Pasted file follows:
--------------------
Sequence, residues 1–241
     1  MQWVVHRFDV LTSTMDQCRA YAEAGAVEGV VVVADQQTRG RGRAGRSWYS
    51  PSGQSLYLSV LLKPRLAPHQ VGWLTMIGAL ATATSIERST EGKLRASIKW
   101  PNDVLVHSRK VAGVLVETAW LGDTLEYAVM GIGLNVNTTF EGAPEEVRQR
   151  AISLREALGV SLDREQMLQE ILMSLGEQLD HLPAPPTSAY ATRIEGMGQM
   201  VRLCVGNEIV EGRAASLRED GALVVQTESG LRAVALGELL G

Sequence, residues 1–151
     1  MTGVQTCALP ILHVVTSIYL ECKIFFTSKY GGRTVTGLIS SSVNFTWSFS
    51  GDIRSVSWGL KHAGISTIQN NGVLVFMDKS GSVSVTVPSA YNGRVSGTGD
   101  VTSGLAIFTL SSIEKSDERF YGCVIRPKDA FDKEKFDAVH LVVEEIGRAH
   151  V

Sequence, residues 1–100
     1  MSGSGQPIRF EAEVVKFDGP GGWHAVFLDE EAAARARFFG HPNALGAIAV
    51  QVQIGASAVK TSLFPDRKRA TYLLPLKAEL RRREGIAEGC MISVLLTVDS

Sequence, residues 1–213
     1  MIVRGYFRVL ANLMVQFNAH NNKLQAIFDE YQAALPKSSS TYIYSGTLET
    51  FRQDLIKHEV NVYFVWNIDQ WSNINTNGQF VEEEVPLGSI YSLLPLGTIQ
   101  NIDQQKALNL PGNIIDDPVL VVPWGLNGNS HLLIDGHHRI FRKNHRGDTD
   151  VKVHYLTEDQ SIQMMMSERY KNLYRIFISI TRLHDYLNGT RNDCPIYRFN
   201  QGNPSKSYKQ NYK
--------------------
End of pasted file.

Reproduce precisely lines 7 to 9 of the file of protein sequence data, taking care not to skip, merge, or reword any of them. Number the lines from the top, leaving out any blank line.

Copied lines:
Sequence, residues 1–151
     1  MTGVQTCALP ILHVVTSIYL ECKIFFTSKY GGRTVTGLIS SSVNFTWSFS
    51  GDIRSVSWGL KHAGISTIQN NGVLVFMDKS GSVSVTVPSA YNGRVSGTGD